In this age of ubiquitous electronics, batteries have an astounding importance in our everyday lives. As we buy and use different brands, we come to wonder, "Which of these is actually the best? Is it worth it to go for a big name brand?" To answer these questions, I set up an experiment to test the endurance of four different battery brands: Duracell, Energizer, Rayovac, and Sunbeam(a dollar store brand).
Step 1: The Materials and the Hypothesis
To test the comparative endurance of the four battery brands under study, I used four Mini Maglite xenon lamp flashlights purchased from Walmart on the same day. As for batteries, I bought an eight pack of Energizer AA batteries, an eight pack of Rayovac AA batteries, and a four pack of Sunbeam dollar store AA batteries. The flashlights came with Duracell, so I used those batteries for the Duracell test. I did, however, find a price for a Duracell eight pack in order to compare prices more effectively in the conclusion.
My hypothesis was as follows: Dollar store batteries will be the first to go, with one of the bigger name brands coming out on top. I had no basis for distinguishing between the three top brands, but because the Duracells came with the flashlights, indicating that they might be preferable, I hypothesized that Duracell would last the longest.
Step 2: The Setup
To carry out the actual test, I prepared an apparatus that would hold the flashlights parallel to one another, all shining on one piece of cardboard so their relative intensities could be observed. I put two Sunbeam batteries in the top light, two Duracells in the second, two Energizers in the third, and two Rayovacs in the fourth.
Step 3: Starting the Test
To start the flashlights, I went from top to bottom, twisting the top of each light until the exact point at which the light turned on (the flashlights were turn-top instead of push-button. Button flashlights may be more useful in future experiments). In all, going from Sunbeam to Duracell to Energizer to Rayovac took 13 seconds.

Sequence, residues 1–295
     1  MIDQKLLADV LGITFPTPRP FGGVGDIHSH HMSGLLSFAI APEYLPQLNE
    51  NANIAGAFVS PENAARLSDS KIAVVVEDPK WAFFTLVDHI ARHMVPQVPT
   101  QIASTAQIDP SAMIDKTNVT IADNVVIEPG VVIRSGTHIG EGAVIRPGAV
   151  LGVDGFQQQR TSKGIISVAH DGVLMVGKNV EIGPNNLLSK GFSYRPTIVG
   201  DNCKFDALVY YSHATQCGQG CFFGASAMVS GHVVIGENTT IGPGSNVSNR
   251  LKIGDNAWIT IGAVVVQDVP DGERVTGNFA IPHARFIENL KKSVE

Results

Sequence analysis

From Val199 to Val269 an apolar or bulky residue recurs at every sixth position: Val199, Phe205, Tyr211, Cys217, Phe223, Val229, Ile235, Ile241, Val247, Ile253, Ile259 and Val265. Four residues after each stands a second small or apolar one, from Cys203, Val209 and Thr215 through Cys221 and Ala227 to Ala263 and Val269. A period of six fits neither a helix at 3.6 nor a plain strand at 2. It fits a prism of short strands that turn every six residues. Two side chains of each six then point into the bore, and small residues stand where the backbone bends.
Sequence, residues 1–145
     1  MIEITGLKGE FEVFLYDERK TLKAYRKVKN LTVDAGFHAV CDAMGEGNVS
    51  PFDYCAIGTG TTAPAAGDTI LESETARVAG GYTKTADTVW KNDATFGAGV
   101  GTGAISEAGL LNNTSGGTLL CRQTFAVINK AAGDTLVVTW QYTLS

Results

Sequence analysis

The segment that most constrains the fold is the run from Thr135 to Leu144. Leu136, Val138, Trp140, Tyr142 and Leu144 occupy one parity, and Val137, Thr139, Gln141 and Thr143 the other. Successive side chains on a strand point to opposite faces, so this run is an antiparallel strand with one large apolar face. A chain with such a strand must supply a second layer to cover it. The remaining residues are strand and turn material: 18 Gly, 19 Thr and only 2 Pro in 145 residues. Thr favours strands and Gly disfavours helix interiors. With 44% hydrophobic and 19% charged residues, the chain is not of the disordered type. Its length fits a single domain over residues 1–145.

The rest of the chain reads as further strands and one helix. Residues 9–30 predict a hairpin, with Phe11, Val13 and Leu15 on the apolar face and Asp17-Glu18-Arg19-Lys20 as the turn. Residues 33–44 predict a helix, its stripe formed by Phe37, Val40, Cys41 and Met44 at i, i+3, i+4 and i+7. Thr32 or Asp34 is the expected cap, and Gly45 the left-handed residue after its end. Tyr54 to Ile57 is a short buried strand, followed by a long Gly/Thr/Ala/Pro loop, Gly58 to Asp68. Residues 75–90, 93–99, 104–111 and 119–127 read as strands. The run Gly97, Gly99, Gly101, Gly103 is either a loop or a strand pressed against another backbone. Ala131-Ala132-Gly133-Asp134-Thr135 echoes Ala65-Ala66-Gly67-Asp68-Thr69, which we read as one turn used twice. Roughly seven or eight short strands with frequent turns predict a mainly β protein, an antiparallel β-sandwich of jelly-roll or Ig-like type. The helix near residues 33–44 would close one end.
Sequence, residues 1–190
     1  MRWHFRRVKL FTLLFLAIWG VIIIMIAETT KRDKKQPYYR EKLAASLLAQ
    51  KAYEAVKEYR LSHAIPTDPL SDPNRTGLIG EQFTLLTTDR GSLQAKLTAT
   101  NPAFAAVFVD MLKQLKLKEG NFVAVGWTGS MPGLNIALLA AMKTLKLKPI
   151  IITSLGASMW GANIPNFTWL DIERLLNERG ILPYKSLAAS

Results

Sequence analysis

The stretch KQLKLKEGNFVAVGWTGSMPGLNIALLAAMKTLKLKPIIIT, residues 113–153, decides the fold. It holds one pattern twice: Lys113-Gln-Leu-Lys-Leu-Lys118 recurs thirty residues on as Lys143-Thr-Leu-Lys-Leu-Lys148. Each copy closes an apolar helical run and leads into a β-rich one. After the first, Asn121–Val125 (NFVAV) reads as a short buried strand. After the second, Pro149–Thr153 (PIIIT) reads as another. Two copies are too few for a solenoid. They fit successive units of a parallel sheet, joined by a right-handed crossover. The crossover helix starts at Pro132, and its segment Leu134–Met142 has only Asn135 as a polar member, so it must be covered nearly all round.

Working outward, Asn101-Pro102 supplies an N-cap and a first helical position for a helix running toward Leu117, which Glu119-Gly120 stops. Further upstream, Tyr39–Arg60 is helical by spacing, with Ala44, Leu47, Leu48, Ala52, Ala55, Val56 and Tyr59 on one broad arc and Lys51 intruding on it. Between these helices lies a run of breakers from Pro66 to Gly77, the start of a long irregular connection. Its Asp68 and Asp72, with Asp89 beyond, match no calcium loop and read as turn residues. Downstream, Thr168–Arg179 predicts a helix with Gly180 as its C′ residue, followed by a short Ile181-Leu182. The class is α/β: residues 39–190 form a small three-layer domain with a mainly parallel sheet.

Step 4: After 1 Hour
After one hour, all four lights were shining brightly, with no apparent difference in intensity from one brand to another.
Step 5: After 2 Hours
After two hours, the relative brightness of each light remained pretty much the same.
Step 6: After 3 Hours
After three hours of constant shining, still no significant change.
Step 7: After 4 Hours
Here's where things started to get interesting. After four hours of shining, all four lights were still lit, but Sunbeam (the dollar store brand) was starting to show slight signs of weakness.
Step 8: After 5 Hours
The Sunbeam was, indeed, the first brand to fail, providing no more light at precisely 4 hours and 50 minutes. The five hour picture shows the three remaining brands, with Energizer starting to look a little bit dim.
Step 9: Sunbeam Bulb Test
In order to determine that the failing of each flashlight was due to the batteries dying and not the bulbs burning out, I took out the batteries from the dead flashlight and replaced them with fresh Duracells. The results show that the bulb still worked quite well, verifying that the batteries' losing power was the reason for the light going out.
Step 10: At 5 Hours and 9 Minutes
I interrupted the regularly scheduled hour-increments because Energizer seemed quite close to going dead. I prepared for a picture at five and a quarter hours, but took this picture at 5h 09m to show the dimming Energizer.